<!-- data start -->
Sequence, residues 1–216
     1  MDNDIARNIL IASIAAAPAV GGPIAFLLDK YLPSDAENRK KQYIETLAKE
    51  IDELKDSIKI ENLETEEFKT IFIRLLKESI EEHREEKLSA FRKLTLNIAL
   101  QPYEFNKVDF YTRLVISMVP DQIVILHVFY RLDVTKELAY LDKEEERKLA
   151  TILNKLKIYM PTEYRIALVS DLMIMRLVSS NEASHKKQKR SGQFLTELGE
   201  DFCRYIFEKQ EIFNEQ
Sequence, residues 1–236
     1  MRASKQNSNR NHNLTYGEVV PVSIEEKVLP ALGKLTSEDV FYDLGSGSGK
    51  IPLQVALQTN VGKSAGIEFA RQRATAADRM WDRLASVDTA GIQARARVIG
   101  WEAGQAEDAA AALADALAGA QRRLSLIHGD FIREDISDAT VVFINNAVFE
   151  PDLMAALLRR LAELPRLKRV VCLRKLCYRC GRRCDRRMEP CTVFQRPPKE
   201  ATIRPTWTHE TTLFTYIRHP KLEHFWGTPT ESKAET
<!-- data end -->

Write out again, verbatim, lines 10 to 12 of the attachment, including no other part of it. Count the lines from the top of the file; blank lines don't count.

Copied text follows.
   101  WEAGQAEDAA AALADALAGA QRRLSLIHGD FIREDISDAT VVFINNAVFE
   151  PDLMAALLRR LAELPRLKRV VCLRKLCYRC GRRCDRRMEP CTVFQRPPKE
   201  ATIRPTWTHE TTLFTYIRHP KLEHFWGTPT ESKAET